What are the integral solutions of the equation $x^n+y^n=z^n$?

Is there an algorithm to generate the rational solutions to rational cubic equations of the form $y^2=x^3+ax+b$?

Many people with mathematical inclinations will be drawn to the natural simplicity of these queries, perhaps early on in life, and will gradually expand the reservoir of their knowledge in the hope of approaching a solution, progressing from the easy to the hard cases. Mathematics as a whole has had a historical relationship to number theory parallel to the personal development of a mathematician. Over millennia, logic, algebra, analysis, and geometry have all been employed in the service of number theory, the tools of the trade often becoming more powerful or refined in response to the demands of arithmetic problems. In our times, it's difficult to find a single area of mathematics, from the elementary to the most conceptually sophisticated, which is not used in some serious way in number theory. Number theory has acquired thereby the status of a quite general testing ground for conceptual progress: a mysterious and abstract theory can prove its worth and its connection to mathematical reality by its applicability to concrete problems of number theory. The tendency to generate natural problems has enabled number theory to reconstitute itself as a pure laboratory for the power of ideas.

Since the 1960s, a major instance of this interaction has been that between topology and number theory. Topologists are adept at coming up with extremely abstruse notions of shape and space, such as a topos, a simplicial set, or a spectrum. Each of these in turn have had fruitful number-theoretic incarnations in the study of equations over finite fields, quadratic forms, and in the Galois theory of $p$-adic fields. Minhyong Kim's research continues the exploration of the relationship between topology and number theory, most actively with ideas from homotopy theory. As an elementary example, consider a set of paths $P(1 ,z)$ in the punctured complex plane from point $1$ to the point $z$. Surprisingly, there is a big difference in structure between the path spaces with $z$ transcendental and those with $z$ algebraic. More precisely, in the latter case, the homotopy classes of paths, suitably completed, admit an intricate symmetry group coming from Galois theory. Kim has been studying the classification of such hidden symmetry with a view to detecting rational or algebraic solutions to polynomial equations. For example, using only the Galois symmetries of the path spaces between solution points, he has been able to reprove the theorem, first proved by Faltings then vastly improved by Wiles, that the equation $$x^n+y^n=1$$ has only finitely many rational solutions when $n\geq 4$ (this is joint work with John Coates).

Most recently, in collaboration with many mathematicians and physicists from the US, Europe, and Asia, Kim is involved in a programme to develop the ideas of topological quantum field theory in the realm of number theory. The main mathematical impact of topological quantum field theory arises from the use of an integral over fields (in the sense of the physicist, not that of the algebraist) to measure the quantum correlation between points on a space, the winding of knots, or to define a numerical invariant of the space itself. The current project explores the application of this idea to primes and rings of integers in number fields (now in the sense of algebraists), where the role of the physical field is played by representations of arithmetic Galois groups. These representations themselves lie at the crossroads of the most important paths of investigation in present day number theory, such as the conjecture of Birch and Swinnerton-Dyer, the theory of zeta and L-functions, and the Langlands programme. One goal of this research is to understand their centrality from a point of view consistent with the intuition of geometry, topology, and physics.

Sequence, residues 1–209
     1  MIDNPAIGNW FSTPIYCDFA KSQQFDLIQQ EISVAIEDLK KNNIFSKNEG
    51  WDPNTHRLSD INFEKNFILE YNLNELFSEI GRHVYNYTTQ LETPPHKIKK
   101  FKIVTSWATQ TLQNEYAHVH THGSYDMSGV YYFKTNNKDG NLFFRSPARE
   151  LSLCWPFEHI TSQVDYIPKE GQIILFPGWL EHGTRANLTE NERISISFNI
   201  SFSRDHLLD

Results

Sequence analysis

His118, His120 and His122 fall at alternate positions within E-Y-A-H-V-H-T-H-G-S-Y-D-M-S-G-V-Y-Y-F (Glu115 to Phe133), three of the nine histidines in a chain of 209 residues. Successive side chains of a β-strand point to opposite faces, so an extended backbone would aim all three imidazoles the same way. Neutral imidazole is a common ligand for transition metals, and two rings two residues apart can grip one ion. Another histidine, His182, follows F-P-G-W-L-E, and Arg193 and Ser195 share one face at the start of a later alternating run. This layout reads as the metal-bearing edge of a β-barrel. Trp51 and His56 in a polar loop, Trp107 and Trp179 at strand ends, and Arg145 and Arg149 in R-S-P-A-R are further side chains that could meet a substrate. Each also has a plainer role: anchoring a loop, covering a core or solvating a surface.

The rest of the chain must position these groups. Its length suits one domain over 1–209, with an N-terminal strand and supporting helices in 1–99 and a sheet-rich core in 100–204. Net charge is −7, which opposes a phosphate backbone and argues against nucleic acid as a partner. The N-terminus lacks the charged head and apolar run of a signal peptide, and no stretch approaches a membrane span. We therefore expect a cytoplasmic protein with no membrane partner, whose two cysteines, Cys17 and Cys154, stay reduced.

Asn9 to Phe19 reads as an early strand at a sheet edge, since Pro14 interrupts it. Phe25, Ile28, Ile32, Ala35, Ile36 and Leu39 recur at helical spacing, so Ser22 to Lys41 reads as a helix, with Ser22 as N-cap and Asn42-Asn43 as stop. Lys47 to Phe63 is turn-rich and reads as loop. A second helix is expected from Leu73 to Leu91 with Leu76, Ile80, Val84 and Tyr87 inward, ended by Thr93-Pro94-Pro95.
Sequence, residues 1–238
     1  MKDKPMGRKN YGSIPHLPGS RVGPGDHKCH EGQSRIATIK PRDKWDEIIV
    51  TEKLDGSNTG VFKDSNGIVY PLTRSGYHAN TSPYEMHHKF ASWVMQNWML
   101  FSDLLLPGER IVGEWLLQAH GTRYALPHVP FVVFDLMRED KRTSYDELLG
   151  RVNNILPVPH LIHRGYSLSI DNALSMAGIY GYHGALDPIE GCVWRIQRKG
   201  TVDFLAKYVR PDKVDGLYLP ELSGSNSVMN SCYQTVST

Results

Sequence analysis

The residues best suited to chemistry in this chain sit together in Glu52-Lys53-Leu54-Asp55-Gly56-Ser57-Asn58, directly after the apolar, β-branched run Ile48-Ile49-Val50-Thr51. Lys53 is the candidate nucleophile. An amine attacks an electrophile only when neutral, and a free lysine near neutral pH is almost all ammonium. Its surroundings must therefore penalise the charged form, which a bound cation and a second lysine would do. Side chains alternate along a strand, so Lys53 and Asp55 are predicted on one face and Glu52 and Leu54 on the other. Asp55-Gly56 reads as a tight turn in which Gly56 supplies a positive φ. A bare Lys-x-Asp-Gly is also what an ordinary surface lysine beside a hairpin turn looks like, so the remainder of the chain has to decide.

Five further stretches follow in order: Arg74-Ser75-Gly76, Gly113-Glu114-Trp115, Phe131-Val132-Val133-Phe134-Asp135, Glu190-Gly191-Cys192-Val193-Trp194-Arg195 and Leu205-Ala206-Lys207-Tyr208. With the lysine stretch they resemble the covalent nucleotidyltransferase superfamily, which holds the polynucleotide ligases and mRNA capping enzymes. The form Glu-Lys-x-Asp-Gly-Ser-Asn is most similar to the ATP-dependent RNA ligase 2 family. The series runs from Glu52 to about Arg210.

Friday, 7 July 2017

The Law of the Few - Sanjeev Goyal's Oxford Mathematics Public Lecture now online

The study of networks offers a fruitful approach to understanding human behaviour. Sanjeev Goyal is one of its pioneers. In this lecture Sanjeev presents a puzzle:

In social communities, the vast majority of individuals get their information from a very small subset of the group – the influencers, connectors, and opinion leaders. But empirical research suggests that there are only minor differences between the influencers and the others. Using mathematical modelling of individual activity and networking and experiments with human subjects, Sanjeev helps explain the puzzle and the economic trade-offs it contains.

Professor Sanjeev Goyal FBA is the Chair of the Economics Faculty at the University of Cambridge and was the founding Director of the Cambridge-INET Institute.




Thursday, 6 July 2017

Alex Wilkie and Alison Etheridge win LMS Prizes

Congratulations to the Oxford Mathematicians who have just been awarded LMS prizes. Alex Wilkie receives the Pólya Prize for his profound contributions to model theory and to its connections with real analytic geometry and Alison Etheridge receives the Senior Anne Bennett Prize in recognition of her outstanding research on measure-valued stochastic processes and applications to population biology; and for her impressive leadership and service to the profession.

Thursday, 29 June 2017

Oxford Mathematics Visiting Professor Michael Duff awarded the Paul Dirac Medal and Prize

Professor Michael Duff of Imperial College London and Visiting Professor here in the Mathematical Institute in Oxford has been awarded the Dirac Medal and Prize for 2017 by the Institute of Physics for “sustained groundbreaking contributions to theoretical physics including the discovery of Weyl anomalies, for having pioneered Kaluza-Klein supergravity, and for recognising that superstrings in 10 dimensions are merely a special case of p-branes in an 11-dimensional M-theory.”

Michael Duff holds a Leverhulme Emeritus Fellowship, is a Fellow of the Royal Society, the American Physical Society and the Institute of Physics and was awarded the 2004 Meeting Gold Medal, El Colegio Nacional, Mexico.